It becomes clear very early on in the story that something is very wrong. Christine finds a note which she’s left for herself, warning her not to trust her husband, Ben. Despite this, as she keeps track of everything she learns in her journal and catches him in lie after lie, Christine makes seemingly endless excuses for Ben. He must be lying to her to protect her. He must have a good reason for not wanting her to get medical treatment to help with her memory. He must love her. Christine, we need to talk. I know you’re going through a lot of trauma, but come on. If something feels ominous as hell, listen to your gut. Or if you can’t listen to your gut, maybe listen to very clearly worded messages from yourself. 

The pacing in this also just felt very off. I think the story the author wanted to tell here could have been adequately told in a novella. The slow, creeping pace was, I think, meant to slowly build a sense of dread before the climax at the end, but it was really just boring because the resolution became obvious too early. You’ll spend half the book waiting for events you’ve already guessed to finally play out on the page.

Major spoilers for the section ahead! 

The entire plot hinges on one key fact: the man Christine believes to be her husband, Ben… (gasp!) isn’t Ben! He’s actually a man with whom she’d briefly had an affair, and he became overly attached in the violent, stalker ex-boyfriend sense. He is the reason for the injuries which led to her memory loss. After she spent years in several different hospitals and her husband left her, Not Ben took it upon himself to pose as Ben and check her out of the inpatient facility.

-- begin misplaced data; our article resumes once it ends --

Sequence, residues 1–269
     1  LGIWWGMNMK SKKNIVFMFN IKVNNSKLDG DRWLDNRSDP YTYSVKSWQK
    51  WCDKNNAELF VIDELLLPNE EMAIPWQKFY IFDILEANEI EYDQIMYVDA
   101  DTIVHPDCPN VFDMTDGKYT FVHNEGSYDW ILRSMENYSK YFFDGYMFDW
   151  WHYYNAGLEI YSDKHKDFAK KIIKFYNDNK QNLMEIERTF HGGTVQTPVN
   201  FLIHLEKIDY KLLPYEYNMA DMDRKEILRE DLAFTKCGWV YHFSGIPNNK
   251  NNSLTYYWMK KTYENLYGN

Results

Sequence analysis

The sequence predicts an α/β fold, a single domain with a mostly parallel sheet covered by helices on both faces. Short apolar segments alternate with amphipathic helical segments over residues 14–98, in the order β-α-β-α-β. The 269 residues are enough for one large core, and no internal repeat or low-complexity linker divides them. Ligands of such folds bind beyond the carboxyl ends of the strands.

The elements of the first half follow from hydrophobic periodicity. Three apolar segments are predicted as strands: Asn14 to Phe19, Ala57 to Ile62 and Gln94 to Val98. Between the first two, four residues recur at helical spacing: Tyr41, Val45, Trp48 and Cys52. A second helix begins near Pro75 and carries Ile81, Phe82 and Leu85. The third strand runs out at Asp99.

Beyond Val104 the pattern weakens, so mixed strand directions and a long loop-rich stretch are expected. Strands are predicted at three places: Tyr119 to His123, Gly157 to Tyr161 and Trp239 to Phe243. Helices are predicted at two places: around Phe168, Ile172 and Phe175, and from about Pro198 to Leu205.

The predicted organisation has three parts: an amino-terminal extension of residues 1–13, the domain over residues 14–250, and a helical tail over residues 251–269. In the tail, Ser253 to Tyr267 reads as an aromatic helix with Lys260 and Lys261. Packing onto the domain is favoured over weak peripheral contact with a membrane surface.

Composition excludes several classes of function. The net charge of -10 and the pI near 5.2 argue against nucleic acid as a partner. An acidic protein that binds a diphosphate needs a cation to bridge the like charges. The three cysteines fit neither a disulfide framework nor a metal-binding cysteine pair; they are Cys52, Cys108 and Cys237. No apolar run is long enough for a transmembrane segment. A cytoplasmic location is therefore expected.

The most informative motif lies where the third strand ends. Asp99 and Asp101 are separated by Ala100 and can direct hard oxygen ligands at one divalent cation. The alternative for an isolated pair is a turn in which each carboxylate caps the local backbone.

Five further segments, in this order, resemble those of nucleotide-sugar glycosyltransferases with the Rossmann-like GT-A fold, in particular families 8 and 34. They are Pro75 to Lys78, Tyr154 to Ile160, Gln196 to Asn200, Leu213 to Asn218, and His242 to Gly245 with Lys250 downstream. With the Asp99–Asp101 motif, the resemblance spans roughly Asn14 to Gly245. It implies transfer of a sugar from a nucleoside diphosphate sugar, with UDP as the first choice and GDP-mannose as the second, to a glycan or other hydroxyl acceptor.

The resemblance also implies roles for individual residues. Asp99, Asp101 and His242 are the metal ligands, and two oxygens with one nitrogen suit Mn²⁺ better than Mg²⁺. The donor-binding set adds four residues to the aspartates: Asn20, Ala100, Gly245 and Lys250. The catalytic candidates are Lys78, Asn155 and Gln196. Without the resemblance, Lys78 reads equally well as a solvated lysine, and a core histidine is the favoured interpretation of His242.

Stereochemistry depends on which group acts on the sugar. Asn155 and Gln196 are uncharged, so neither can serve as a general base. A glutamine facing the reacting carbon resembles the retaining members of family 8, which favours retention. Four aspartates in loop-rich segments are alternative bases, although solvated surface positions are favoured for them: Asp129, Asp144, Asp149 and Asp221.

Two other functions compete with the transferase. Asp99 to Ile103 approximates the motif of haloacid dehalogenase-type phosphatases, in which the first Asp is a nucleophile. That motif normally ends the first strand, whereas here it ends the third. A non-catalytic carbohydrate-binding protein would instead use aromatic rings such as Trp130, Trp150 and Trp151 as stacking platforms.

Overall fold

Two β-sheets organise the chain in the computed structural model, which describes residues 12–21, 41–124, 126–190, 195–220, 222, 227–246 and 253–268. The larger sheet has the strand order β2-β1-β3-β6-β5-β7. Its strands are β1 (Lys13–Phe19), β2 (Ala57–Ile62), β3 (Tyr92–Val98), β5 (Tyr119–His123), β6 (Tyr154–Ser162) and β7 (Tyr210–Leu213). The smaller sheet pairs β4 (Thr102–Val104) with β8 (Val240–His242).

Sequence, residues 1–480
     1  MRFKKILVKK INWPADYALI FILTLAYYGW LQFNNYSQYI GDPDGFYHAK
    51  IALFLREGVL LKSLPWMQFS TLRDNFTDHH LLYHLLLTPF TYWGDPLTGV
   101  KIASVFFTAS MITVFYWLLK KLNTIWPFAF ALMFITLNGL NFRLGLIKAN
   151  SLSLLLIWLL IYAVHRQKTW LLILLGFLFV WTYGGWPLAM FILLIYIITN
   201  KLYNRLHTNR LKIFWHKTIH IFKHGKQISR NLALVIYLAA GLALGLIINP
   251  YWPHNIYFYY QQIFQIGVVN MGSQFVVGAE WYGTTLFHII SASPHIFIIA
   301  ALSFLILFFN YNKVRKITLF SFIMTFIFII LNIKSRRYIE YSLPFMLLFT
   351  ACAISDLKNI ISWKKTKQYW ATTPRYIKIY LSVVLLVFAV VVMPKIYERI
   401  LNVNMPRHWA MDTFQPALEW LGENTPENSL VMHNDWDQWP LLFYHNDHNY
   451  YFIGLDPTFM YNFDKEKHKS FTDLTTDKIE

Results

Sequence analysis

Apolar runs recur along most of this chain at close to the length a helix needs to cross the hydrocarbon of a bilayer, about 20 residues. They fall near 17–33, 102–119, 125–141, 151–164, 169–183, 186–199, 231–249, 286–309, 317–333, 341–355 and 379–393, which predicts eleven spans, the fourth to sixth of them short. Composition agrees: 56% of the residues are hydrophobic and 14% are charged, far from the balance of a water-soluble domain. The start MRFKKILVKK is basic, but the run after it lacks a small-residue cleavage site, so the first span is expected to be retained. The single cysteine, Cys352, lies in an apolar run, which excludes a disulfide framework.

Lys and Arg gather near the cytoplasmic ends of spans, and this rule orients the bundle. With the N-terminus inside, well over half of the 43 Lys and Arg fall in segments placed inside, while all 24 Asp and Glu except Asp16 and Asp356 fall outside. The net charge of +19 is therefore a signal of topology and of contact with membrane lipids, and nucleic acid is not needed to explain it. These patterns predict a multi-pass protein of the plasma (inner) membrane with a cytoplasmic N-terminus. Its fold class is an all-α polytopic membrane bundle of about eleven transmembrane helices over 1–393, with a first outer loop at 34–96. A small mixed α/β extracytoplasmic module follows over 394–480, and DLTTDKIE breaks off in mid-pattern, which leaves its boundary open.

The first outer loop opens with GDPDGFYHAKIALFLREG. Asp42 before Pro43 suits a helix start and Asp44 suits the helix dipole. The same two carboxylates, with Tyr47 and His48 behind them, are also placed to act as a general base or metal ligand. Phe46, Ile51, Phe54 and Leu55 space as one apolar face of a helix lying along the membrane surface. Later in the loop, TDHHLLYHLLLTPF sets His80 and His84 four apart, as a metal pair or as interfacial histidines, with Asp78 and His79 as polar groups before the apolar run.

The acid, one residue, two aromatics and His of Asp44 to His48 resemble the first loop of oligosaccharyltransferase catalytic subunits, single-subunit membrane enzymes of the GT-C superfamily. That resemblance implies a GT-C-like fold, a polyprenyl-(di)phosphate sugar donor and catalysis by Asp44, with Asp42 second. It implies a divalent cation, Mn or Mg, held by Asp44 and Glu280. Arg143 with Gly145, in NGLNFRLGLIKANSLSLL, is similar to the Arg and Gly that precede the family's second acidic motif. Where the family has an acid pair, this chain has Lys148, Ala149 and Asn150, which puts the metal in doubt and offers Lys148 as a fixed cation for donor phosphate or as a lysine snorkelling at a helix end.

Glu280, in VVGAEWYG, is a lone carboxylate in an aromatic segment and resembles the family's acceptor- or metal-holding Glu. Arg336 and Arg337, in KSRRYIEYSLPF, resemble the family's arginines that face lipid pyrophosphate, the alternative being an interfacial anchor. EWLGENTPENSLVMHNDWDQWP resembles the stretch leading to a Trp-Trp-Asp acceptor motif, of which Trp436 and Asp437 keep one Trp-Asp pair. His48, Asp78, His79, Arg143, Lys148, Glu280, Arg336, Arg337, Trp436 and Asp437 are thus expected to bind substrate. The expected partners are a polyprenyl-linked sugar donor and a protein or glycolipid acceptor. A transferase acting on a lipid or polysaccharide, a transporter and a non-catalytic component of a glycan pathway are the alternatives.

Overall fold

Despite the fact that this is an amnesiac patient who can’t identify her own husband, apparently no one in this healthcare facility felt the need to check any form of identification on the man who decided to take her home. I don’t work in healthcare, but that sounds like… not how that would work. Can I get a sequel with the lawsuit where Christine makes millions of the hospital that sent her home with her stalker, no questions asked? Because I need that sequel. Christine deserves it.

One last issue, and it’s a biggie: Christine’s memory issues are basically magically cured when she recovers the memory of the attack which caused the problem. (Her doctor makes a comment about how she may not actually be cured, but the overall vibe is very much that everything is going to be Just Fine now!) There’s a kind of throwaway line about how, since an initial trauma caused her problems, it’s certainly plausible that another trauma could have cured them. I… have no words for that, honestly.

Again, I really loved the premise for this book, which sadly made the shoddy execution all the more disappointing. This book needed half the length and maybe a third of the foreshadowing that it had to make it a truly good read.